Lakers' best acquisition might be rest
LOS ANGELES -- So what do the Los Angeles Lakers have to do to fix their suddenly aging roster in the offseason? The answer seems simple if you talk to anyone who was on the team this season. Nothing.
Every player on the roster, along with general manager Mitch Kupchak, has said this week that the current Lakers team can still win a championship next season if the squad is brought back intact.
As crazy as that may sound, it's nothing new for a group that believed it was destined to beat the Dallas Mavericks despite being down 3-0 in its second-round series. That was before the Lakers lost Game 4 by 36 points and were swept out of the playoffs for the first time since 1999.
The general consensus by many pundits, including Magic Johnson, is that this Lakers team should be "blown up."
It's an amazing sentiment considering where this team has landed in such a short time.
Nine months ago, Lakers owner Jerry Buss looked at the Lakers' roster before the start of training camp and said, "I feel there's a good chance this could be the best team we've ever had."
Two months ago, the Lakers were in the midst of winning 17 of 18 games and were the clear-cut favorite to advance to their fourth straight NBA Finals and win their third straight championship.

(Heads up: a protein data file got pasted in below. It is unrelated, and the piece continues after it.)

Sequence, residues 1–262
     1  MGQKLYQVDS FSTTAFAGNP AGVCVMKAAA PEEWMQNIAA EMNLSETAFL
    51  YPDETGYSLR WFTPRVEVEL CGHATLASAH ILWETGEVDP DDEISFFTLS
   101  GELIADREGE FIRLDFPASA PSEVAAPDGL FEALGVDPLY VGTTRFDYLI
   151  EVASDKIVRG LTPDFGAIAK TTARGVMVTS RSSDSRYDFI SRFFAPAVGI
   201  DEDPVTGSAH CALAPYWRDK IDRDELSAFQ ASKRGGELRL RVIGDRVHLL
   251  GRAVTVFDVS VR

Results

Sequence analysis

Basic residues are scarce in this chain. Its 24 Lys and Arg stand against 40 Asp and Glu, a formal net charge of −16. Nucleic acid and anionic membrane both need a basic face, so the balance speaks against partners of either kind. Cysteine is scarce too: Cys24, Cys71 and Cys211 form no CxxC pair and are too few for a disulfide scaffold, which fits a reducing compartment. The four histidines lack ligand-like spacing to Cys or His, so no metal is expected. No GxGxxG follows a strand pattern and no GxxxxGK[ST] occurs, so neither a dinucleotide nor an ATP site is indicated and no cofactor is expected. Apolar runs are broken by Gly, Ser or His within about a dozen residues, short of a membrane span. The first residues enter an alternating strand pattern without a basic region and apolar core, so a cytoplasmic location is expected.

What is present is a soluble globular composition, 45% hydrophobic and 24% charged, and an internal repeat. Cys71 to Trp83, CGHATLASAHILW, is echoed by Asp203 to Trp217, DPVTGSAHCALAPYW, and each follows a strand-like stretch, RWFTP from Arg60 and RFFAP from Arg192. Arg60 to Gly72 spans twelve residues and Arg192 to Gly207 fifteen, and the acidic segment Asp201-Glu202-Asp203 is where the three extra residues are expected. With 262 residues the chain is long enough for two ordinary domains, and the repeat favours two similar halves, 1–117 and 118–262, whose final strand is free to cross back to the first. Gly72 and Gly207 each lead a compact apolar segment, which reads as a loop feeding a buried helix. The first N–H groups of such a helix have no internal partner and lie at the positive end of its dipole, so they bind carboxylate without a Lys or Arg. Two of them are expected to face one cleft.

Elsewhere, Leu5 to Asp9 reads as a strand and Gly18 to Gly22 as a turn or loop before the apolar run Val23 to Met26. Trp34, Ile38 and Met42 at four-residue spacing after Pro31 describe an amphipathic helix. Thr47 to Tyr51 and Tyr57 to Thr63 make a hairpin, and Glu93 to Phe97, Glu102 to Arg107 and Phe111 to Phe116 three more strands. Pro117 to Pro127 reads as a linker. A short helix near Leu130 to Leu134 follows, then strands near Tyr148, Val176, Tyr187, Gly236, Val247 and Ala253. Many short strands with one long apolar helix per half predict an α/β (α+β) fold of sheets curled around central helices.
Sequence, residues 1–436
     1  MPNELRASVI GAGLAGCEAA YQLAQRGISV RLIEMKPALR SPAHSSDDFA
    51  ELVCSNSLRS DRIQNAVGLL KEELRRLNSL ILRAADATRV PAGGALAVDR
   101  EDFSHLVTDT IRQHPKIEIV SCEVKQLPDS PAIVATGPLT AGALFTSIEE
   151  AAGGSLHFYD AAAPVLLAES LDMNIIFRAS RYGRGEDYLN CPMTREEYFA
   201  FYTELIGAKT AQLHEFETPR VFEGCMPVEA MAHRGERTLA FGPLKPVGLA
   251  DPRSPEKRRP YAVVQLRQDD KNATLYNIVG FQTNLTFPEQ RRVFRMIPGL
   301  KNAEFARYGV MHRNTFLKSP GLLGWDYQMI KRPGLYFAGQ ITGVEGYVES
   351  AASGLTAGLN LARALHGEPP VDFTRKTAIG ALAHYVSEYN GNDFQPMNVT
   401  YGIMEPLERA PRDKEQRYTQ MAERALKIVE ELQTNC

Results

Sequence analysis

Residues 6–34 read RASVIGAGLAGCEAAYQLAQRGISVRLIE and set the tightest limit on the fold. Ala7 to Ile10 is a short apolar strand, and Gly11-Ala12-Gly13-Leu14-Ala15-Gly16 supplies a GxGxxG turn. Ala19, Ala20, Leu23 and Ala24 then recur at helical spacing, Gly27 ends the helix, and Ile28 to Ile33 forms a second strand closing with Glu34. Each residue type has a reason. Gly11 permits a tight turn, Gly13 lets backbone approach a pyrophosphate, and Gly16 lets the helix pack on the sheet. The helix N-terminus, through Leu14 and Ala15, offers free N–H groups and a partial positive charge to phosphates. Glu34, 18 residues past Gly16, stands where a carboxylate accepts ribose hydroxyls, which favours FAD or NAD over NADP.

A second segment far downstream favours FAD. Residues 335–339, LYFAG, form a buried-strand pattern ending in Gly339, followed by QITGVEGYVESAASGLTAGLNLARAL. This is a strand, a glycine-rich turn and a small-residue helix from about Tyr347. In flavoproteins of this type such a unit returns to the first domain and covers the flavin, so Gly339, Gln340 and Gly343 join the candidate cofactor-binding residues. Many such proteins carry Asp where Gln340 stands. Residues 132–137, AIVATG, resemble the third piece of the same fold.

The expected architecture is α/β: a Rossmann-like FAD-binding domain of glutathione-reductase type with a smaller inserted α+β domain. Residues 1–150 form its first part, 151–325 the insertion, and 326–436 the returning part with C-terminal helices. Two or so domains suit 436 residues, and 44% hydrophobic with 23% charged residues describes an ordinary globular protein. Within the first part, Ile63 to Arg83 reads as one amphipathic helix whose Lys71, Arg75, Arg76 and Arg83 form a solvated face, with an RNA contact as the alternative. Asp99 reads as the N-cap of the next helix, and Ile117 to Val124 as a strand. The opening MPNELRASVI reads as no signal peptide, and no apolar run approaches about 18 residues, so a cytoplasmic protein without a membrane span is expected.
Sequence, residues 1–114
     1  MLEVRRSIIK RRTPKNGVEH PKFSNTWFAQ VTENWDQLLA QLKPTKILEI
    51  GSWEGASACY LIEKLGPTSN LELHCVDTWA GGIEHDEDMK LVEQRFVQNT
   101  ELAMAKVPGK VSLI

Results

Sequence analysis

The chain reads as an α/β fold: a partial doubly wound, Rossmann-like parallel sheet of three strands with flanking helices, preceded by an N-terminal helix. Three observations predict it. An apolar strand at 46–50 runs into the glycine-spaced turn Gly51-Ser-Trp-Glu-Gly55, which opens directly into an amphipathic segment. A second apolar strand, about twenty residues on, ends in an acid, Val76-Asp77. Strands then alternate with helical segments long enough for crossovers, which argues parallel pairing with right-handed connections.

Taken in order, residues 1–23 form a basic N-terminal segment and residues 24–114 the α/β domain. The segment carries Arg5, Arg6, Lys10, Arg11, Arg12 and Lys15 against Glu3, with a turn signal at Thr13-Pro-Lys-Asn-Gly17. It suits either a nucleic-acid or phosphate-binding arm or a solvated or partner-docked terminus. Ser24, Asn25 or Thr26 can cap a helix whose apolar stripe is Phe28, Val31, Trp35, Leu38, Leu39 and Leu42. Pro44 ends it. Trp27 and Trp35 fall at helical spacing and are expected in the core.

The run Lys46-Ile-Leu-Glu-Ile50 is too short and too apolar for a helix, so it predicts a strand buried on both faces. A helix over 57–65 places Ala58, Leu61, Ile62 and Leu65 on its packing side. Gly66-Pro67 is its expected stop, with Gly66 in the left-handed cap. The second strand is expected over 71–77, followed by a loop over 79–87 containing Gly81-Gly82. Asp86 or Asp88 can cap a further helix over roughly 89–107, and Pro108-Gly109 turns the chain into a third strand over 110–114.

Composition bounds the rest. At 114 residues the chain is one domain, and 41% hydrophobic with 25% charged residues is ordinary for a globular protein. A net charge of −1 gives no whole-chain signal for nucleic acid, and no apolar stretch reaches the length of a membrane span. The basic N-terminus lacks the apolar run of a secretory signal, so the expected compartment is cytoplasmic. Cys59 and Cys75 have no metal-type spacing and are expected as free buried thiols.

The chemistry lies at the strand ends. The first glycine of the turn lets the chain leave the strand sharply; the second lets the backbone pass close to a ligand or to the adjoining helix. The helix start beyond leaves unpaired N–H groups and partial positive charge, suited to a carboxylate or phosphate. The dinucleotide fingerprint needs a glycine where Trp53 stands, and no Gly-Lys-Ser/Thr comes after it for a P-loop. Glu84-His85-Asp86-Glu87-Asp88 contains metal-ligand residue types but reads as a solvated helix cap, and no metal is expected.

As Kobe Bryant sat in front of the media at the Lakers' training facility Wednesday, he smiled at the notion that the Lakers' roster should be dismantled after falling short of the Finals for the first time in four years.
"Do I think we can do it again? Yeah, I think so," he said. "In terms of this being the decline of the Lakers, that's nonsense. I remember they had a pretty good era in the '80s and they didn't win three [titles] in a row, and they didn't break that team up."
Bryant is a student of the game who wishes he could have played in the 1980s against the Pistons' Bad Boys, the Showtime Lakers, Larry Bird's Celtics and Dr. J's 76ers. He remembers those teams winning championships, keeping their core players intact for much of the decade and never overreacting when they fell short one season.
If the Lakers "blew up" their team every time they failed to win a championship in the 1980s, Showtime would have never gotten off the ground.
The year before the Lakers won the championship in 1982, they lost to the Houston Rockets in three games in the first round. In the two postseasons before winning the 1985 championship, L.A. was swept by the 76ers in '83 and lost to the Celtics in the '84 Finals. The year before the Lakers won back-to-back titles in 1987 and '88, they lost to the Rockets in five games in the Western Conference finals. And in the two postseasons before the Showtime Lakers' last Finals appearance in 1991, they were swept by the Pistons in the '89 Finals and lost to the Suns in five games in 1990's second round.
There is a reason no team has made it to four straight NBA Finals since 1987 (Celtics) and only five teams in NBA history have won three or more championships in a row.
To say that it's simply "hard" would be undermining all the Hall of Fame players, coaches and teams who have fallen short over the years. As Bryant mentioned, none of those great teams from the 1980s won three in a row. When the '86-87 and '87-88 Lakers teams won two in a row, it hadn't been done in 30 years, and this Lakers team is the only squad to win back-to-back titles since 2002.